Submitted to: Epidemiology and Infection
Publication Type: Peer Reviewed Journal
Publication Acceptance Date: 12/12/2011
Publication Date: 12/1/2012
Citation: Huang, X., Chahine, M.A., Frye, J.G., Cash, D.M., Lesho, E.P., Craft, D.W., Lindler, L.E., Nikolich, M.P. 2012. Molecular analysis of imipenem-resistant Acinetobacter baumannii isolated from US service members wounded in Iraq, 2003–2008. Epidemiology and Infection. 140(12):2302-2307. Interpretive Summary: Acinetobacter baumannii-calcoaceticus complex (ABC) is a bacterium that causes wound infections in many combat casualties. Development of mutli-drug resistance (MDR; defined as resistance to = 2 antimicrobials) complicates treatment options. This is of particular concern when MDR includes resistance to imipenem which is one of the last drugs available to treat MDR ABC infections. An increase in ABC strains which are MDR has complicated treatment of these wounds in U.S. personnel participating in Operation Iraqi Freedom. In this study, DNA from 298 ABC isolates stored in the Walter Reid Army Institute of Research strain collection were characterized to determine how closely they matched on a genetic level. Pulse field gel electrophoresis (PFGE) was used to classify them into 67 distinct PFGE types (PFTs). Microarray analysis of DNA from isolates representative of the major PFTs detected the presence of several antimicrobial resistance genes. Only isolates that hybridized with a probe for blaOXA-23/27 were resistant to imipenem (IR). DNA Southern blots demonstrated that the blaOXA-23 was plasmid-borne or both plasmid and chromosomally located. A plasmid carrying blaOXA-23 transformed into a susceptible ABC strain conferred IR to the recipient. The distribution of the IR-ABC with specific PFTs implied nosocomial spread in military treatment facilities.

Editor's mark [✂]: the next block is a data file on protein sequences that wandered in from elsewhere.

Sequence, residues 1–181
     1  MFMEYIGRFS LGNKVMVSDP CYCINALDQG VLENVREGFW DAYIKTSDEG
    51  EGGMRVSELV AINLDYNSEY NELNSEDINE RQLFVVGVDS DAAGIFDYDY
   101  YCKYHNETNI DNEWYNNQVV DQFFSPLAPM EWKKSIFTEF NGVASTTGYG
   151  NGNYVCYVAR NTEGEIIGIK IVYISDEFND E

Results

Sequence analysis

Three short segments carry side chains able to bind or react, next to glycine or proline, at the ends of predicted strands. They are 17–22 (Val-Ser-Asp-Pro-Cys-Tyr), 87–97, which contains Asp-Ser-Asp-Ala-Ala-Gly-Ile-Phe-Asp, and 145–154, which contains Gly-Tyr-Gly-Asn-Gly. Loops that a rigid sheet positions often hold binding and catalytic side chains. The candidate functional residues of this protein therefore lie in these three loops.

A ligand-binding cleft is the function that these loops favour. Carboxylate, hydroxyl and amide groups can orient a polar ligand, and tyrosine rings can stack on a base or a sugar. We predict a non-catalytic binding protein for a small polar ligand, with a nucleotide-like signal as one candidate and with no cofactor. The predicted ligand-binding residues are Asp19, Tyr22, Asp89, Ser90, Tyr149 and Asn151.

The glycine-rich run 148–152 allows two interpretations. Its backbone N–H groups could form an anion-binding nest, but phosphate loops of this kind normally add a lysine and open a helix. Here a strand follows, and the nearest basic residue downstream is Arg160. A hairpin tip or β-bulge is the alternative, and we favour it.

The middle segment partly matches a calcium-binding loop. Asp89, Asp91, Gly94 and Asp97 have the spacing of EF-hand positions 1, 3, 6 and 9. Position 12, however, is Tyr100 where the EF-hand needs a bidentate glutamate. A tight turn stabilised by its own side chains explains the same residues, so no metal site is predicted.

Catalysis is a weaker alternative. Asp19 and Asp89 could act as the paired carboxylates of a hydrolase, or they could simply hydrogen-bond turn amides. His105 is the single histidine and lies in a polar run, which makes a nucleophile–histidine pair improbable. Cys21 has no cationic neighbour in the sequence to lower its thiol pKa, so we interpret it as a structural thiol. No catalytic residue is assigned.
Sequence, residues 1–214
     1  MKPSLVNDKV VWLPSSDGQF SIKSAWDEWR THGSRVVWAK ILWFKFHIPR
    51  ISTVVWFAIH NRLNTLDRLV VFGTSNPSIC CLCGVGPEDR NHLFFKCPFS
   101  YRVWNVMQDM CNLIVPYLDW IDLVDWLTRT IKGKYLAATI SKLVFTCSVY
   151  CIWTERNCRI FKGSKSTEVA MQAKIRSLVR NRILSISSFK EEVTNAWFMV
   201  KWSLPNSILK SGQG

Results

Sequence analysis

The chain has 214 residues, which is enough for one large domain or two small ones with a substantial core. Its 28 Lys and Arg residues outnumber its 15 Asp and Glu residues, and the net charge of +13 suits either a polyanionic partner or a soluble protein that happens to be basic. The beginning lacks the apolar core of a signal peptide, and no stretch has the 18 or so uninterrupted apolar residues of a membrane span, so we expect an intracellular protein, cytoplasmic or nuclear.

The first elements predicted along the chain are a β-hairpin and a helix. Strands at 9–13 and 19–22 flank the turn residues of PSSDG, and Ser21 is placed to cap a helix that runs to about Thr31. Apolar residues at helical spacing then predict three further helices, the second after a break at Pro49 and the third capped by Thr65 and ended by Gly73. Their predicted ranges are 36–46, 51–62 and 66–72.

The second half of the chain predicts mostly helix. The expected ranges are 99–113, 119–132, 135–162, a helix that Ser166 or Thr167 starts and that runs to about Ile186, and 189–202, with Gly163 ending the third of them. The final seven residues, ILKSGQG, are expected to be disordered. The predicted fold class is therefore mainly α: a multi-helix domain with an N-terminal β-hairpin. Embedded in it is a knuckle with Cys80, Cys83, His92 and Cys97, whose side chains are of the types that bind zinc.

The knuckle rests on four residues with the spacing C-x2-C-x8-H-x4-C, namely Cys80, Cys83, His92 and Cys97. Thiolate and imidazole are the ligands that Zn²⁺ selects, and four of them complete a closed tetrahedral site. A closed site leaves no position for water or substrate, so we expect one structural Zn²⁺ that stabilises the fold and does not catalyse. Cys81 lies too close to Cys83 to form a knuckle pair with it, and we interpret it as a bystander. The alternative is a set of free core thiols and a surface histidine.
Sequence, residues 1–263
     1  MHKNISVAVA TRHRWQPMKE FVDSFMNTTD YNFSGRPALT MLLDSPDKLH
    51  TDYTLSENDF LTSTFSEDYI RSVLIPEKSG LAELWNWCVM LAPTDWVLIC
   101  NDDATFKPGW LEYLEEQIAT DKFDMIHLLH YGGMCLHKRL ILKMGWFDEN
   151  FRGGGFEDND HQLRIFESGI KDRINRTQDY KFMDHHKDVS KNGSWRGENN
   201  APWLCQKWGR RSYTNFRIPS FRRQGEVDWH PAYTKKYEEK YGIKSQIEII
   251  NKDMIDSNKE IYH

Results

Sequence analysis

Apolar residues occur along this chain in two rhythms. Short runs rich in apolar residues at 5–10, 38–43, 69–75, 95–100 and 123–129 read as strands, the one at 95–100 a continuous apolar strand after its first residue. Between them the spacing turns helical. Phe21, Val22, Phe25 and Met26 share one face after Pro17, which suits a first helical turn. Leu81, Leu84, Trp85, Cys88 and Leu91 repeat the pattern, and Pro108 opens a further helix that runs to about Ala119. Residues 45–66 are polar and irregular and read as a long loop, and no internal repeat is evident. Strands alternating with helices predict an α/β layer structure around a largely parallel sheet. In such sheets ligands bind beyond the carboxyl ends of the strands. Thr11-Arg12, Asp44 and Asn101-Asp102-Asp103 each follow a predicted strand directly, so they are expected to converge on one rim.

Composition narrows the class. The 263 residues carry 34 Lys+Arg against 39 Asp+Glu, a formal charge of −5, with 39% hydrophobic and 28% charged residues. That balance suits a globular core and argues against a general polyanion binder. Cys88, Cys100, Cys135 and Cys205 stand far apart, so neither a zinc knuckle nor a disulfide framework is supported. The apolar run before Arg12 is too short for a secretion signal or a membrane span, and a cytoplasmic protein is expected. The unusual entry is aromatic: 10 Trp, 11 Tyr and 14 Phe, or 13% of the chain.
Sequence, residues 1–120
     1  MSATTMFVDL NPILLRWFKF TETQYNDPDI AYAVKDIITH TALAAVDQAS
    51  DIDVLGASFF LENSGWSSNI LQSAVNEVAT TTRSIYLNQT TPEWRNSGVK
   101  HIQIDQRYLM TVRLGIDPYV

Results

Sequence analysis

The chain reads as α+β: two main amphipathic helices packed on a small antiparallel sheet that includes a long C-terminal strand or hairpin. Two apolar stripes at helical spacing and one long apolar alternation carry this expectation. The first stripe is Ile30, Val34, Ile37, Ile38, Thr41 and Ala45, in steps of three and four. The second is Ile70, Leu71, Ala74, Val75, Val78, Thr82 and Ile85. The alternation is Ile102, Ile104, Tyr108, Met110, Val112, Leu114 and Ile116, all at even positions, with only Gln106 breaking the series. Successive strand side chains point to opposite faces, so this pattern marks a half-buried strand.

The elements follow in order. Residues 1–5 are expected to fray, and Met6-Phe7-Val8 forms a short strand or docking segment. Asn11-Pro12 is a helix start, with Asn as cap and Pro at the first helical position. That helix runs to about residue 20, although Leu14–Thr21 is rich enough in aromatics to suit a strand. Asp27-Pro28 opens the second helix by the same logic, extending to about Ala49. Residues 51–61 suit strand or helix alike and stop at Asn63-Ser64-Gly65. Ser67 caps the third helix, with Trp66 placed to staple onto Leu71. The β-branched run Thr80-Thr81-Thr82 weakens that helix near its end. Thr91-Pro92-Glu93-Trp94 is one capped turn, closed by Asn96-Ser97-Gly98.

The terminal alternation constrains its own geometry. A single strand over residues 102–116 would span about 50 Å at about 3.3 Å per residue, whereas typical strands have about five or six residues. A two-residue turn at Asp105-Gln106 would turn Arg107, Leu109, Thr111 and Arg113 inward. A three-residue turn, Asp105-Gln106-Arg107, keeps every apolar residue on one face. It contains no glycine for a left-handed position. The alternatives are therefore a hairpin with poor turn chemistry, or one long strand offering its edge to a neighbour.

Technical Abstract: Clonal spread and global dissemination of imipenem resistant (IR) A. baumannii-A. calcoaceticus complex (ABC) have been reported in recent years. However, the epidemiological features of the IR-ABCs in military treatment facilities (MTFs) have not been systematically studied. In this study, 298 ABC strains from a historical collection isolated from U.S. service members injured in Iraq and hospitalized in different domestic and overseas MTFs from 2003 through 2008 were characterized genotypically by PFGE, plasmid profile and phenotypically by antimicrobial susceptibility tests (AST). DNA microarray, PCR, Southern blot and plasmid transfer were used to characterize imipenem resistance in this study. PFGE revealed 67 PFGE types. AST detected 46 IR-ABC isolates. PCR results showed that 90% of the IR-ABC isolates carried blaOXA-23 and 2% carried blaOXA-58. IR-ABCs tended to cluster by PFGE in association with isolation date and location. Microarray analysis indicated only those that hybridized with a probe for blaOXA-23/27 were resistant to imipenem. Southern blots demonstrated that the blaOXA-23 was either plasmid-borne or both plasmid and chromosomally located. A plasmid carrying blaOXA-23 transformed into a susceptible ABC strain conferred imipenem resistance to the recipient. Genetic characterization combined with AST provided accurate information on imipenem resistance in the ABC strains studied. The clonal distribution of the IR-ABC implied nosocomial dissemination in the MTFs. The blaOXA-23 appeared to be responsible for imipenem resistance for the majority of ABCs studied. The blaOXA-23 was carried on plasmids or on the chromosomal with an ISAbaI upstream of the gene, suggesting the possibility of horizontal transfer of this resistance gene.